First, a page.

Submitted by NotCranky on May 26, 2014 - 11:06am.

SK in CV wrote:
He didn't have a screwed up value system. He had a screwed up brain. Perfect parenting wouldn't have fixed that.

Having to have the hottest girls or hate them is a value system. Something I have already taught my boys not to embrace. My boys may be crazy as hell when they grow up but the normal thing won't be to go kill girls they can't have .

Screwed up value system is written all over this kid. Good family isn't necessarily unless you are in bizarro mundo where money equals good family.

Submitted by SK in CV on May 26, 2014 - 11:09am.

Blogstar wrote:
SK in CV wrote:
He didn't have a screwed up value system. He had a screwed up brain. Perfect parenting wouldn't have fixed that.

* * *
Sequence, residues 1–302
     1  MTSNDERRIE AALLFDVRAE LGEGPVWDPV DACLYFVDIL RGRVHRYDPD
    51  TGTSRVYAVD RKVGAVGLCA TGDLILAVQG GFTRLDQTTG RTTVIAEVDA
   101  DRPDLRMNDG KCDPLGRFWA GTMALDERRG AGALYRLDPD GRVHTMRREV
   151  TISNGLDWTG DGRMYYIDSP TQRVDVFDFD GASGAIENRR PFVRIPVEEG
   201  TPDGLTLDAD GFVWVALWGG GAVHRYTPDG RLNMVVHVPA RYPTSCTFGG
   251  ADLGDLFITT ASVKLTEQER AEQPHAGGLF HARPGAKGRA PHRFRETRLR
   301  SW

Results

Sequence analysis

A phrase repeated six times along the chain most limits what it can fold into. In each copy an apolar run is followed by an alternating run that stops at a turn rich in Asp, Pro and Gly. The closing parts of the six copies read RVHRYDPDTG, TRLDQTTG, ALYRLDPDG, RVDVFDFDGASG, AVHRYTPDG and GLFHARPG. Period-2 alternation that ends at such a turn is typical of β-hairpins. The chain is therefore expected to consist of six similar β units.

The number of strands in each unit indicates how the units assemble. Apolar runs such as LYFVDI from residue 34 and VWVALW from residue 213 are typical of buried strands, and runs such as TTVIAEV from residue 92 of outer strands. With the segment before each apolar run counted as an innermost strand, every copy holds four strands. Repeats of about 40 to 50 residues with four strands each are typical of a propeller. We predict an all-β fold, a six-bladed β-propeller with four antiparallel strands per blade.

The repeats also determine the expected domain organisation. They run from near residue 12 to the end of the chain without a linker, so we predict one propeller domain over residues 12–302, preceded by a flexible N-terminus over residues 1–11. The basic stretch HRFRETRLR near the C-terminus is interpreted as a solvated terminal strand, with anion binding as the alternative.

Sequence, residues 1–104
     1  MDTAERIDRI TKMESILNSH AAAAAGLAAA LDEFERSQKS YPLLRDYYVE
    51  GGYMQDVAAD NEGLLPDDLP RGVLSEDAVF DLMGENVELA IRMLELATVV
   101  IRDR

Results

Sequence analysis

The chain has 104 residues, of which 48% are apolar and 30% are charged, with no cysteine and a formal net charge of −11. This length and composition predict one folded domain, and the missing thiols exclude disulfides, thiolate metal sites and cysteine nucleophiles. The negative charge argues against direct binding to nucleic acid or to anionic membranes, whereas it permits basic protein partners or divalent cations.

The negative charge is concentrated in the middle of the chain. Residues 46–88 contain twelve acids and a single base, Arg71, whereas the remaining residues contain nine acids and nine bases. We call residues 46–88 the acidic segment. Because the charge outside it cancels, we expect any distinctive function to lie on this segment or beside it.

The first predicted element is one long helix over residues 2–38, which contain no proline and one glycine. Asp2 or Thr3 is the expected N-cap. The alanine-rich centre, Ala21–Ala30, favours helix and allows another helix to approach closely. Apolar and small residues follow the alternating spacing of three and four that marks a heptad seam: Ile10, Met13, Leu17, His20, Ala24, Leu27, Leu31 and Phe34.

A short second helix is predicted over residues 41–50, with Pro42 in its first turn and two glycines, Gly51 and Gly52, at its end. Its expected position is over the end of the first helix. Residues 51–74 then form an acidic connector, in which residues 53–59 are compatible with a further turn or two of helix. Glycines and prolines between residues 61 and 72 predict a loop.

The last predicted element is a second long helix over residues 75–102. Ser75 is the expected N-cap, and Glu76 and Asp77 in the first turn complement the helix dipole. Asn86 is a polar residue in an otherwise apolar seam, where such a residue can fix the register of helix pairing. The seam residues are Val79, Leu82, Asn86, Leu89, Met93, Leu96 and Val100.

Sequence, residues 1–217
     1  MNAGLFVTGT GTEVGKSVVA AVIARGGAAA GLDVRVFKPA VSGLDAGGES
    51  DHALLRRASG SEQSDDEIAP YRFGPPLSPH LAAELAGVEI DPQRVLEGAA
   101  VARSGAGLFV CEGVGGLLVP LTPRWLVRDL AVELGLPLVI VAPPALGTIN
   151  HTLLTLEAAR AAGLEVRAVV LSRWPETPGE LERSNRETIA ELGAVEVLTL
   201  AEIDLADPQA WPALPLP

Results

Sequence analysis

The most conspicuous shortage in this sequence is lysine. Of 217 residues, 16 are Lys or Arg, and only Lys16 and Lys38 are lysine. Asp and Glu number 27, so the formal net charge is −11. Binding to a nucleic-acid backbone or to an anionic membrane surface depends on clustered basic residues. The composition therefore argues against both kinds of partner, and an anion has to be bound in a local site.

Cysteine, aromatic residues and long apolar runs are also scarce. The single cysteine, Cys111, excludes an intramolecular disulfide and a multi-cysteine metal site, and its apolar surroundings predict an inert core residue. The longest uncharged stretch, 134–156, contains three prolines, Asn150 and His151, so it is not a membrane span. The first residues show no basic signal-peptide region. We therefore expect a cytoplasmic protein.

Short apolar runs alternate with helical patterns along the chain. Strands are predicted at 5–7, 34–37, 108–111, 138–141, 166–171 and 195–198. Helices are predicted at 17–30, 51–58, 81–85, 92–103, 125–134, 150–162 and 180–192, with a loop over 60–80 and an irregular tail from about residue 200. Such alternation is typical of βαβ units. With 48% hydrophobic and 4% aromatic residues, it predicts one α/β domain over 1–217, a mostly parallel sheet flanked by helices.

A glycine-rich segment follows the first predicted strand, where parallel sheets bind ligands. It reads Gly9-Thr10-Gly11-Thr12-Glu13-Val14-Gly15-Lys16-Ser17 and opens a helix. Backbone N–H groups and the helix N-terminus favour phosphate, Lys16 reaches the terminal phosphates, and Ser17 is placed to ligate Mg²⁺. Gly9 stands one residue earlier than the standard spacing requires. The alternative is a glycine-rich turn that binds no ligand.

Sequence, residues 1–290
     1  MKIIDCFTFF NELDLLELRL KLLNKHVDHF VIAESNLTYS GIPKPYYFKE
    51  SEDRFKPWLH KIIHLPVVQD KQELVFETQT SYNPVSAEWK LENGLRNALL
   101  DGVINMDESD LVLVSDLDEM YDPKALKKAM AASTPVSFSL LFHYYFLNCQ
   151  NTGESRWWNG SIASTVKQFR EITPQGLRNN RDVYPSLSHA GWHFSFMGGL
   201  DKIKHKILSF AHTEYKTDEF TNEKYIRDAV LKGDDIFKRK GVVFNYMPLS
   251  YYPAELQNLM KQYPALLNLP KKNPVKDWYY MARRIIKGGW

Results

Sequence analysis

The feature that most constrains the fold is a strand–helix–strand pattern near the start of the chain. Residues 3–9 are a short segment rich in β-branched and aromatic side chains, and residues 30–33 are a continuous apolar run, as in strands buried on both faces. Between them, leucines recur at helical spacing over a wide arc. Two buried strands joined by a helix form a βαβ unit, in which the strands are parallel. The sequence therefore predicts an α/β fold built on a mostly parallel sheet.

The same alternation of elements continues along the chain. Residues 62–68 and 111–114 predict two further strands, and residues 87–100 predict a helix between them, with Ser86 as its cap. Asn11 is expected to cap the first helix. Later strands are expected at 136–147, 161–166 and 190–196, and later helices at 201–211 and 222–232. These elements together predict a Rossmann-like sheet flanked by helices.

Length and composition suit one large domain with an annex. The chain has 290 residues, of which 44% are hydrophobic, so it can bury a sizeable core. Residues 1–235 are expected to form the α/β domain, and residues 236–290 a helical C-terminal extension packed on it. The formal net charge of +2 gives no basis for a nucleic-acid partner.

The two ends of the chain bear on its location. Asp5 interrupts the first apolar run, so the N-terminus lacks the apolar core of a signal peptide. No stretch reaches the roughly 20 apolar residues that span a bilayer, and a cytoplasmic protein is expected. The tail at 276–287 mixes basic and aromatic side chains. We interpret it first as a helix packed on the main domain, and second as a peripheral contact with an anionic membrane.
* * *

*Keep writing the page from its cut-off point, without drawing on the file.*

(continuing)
Having to have the hottest girls or hate them is a value system. Something I have already taught my boys not to embrace. My boys may be crazy as hell when they grow up but the normal thing won't be to go kill girls they can't have .

But your boys probably aren't anywhere near as crazy as this kid was. That's the point. He was broken. Possibly beyond repair. It wasn't bad parenting. He didn't need better parenting. He had a brain that did not function correctly. That may very well have been well beyond the fixes that current mental health care has available.

Submitted by NotCranky on May 26, 2014 - 11:34am.

SK in CV wrote:
Blogstar wrote:
SK in CV wrote:
He didn't have a screwed up value system. He had a screwed up brain. Perfect parenting wouldn't have fixed that.

Having to have the hottest girls or hate them is a value system. Something I have already taught my boys not to embrace. My boys may be crazy as hell when they grow up but the normal thing won't be to go kill girls they can't have .